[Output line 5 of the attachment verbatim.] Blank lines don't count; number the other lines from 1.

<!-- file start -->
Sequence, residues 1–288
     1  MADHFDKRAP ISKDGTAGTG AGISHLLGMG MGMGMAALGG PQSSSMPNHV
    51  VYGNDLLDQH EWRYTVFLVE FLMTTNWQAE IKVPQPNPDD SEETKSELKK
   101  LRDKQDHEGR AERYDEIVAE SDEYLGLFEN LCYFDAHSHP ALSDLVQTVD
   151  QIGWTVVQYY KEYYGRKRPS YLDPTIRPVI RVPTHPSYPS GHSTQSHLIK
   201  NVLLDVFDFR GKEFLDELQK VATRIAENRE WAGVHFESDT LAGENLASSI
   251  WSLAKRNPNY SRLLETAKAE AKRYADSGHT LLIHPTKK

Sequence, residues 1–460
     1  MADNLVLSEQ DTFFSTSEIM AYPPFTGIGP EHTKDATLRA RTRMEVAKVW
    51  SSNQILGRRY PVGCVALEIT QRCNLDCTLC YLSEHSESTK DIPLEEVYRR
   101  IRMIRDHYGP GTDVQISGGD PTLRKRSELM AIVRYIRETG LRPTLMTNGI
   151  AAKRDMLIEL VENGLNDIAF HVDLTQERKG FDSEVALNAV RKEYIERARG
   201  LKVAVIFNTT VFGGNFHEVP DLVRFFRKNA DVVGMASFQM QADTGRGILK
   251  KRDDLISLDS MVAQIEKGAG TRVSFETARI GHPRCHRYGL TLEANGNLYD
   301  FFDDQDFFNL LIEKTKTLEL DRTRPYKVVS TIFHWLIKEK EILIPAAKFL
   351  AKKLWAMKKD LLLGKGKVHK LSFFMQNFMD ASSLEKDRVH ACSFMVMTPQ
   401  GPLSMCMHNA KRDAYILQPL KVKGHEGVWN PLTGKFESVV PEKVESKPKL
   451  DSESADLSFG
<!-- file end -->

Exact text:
   151  QIGWTVVQYY KEYYGRKRPS YLDPTIRPVI RVPTHPSYPS GHSTQSHLIK